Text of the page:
The effect of dietary intake, physical activity and posture on pepsin concentrations detected in the saliva of free-living, healthy individuals

Richard Khaw, Naomi Slater, Ellie Smith, Chi Zhang, Siqing Li, Jeffrey P. Pearson, Andrew Woodcock, Peter Dettmar, Iain Brownlee

Research output: Chapter in Book/Report/Conference proceedingConference contributionpeer-review

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Abstract

Introduction: Diet and lifestyle are believed to be major causes of gastric reflux. The occurrence of reflux is associated with a number of respiratory, oesophageal and airways conditions. Previous studies have used oesophageal monitoring to assess the occurrence of reflux events. Such measurements may only measure "bulk" rather than "microreflux" events. Such technology is also likely to impact on both habitual dietary intake and physical activity due to the nature of the assessment. Aim: To assess the impact of meal intake and physical activity on pepsin concentrations in saliva collected from free-living individuals throughout the day. Methods: Fifty-one participants (aged 18+, non-smokers with no current chronic or acute respiratory conditions, bloodborne diseases, or diagnosis of reflux disease) provided saliva samples before (< 30 min) and after (< 1 h) meals and physical activity bouts or before and after sleep. Dietary intake and physical activity were monitored by diary over this time. Dietary intake was analyzed using Windiets® software, while physical activity output was calculated from pre-existing tables of energy expenditure. Saliva samples were analyzed for pepsin content using a previously described ELISA methodology. Wilcoxon matched pairs rank sign tests were performed on before- and after-meal/physical activity/sleep samples. Results: Fifty-seven paired pre-and post-meal,48 paired pre- and post-physical activity samples and 168 pre- and post-sleep samples were analyzed. Mean(standard deviation) pepsin concentrations in saliva were significantly higher (P=0.037) in the pre-meal samples (44.2(42.2)) than the post-meal samples (32.8(29.6)). Post-sleep pepsin concentrations (196.4(323.4)) were significantly higher (P< 0.001) than pre-sleep (102.3(152.8)). There was no significant difference (P=0.491) between pre-(45.2(56.8)) and post-(40.8(38.6)) physical activity saliva samples. Conclusions: Analysis of pepsin in saliva is a useful method to assess the impact of lifestyle on reflux event occurrence. Increased preprandial salivary pepsin concentrations may be due to microreflux events driven by the cephalic phase of digestion.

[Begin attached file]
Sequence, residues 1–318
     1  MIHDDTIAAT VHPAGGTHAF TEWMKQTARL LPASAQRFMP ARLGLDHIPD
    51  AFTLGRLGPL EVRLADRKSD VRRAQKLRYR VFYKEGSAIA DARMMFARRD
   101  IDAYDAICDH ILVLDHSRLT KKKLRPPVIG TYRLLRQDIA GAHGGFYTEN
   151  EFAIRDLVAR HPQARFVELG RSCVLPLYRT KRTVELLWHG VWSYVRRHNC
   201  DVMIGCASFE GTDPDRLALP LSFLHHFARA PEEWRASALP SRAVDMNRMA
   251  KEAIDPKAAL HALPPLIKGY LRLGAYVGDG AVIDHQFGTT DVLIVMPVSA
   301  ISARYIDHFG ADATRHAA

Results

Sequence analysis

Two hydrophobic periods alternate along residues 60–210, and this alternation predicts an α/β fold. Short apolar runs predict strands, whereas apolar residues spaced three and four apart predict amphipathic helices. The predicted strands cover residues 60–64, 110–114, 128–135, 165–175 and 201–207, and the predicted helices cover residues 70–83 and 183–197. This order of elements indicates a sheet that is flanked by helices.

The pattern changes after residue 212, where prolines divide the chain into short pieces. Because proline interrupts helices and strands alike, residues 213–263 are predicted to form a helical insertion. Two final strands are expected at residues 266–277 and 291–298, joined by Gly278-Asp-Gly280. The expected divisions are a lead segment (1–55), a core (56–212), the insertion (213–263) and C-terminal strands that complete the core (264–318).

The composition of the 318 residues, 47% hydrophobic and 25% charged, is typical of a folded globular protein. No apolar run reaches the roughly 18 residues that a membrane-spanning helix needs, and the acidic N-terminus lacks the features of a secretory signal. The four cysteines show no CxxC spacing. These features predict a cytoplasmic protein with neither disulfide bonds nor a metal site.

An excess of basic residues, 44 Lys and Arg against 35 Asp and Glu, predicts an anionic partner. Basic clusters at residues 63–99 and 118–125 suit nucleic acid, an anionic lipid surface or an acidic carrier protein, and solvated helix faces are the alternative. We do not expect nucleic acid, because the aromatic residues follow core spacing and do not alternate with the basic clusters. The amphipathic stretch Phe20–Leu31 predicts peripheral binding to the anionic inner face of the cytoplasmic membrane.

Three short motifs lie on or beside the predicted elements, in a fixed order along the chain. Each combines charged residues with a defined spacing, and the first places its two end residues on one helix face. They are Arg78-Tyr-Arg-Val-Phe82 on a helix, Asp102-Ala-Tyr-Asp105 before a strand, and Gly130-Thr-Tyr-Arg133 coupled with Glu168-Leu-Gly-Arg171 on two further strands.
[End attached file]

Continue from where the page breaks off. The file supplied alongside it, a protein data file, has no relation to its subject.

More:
Original languageEnglish
Title of host publicationFoods: Bioactives, Processing, Quality and Nutrition
PublisherMDPI AG
DOIs
Publication statusPublished - 21 Mar 2013
Externally publishedYes
EventFoods: Bioactives, Processing, Quality and Nutrition - Lincoln University, Lincoln, United Kingdom
Duration: 10 Apr 201312 Apr 2013
https://sciforum.net/conference/bpqn2013

Conference

ConferenceFoods: Bioactives, Processing, Quality and Nutrition
CountryUnited Kingdom
CityLincoln
Period10/04/1312/04/13
Internet address

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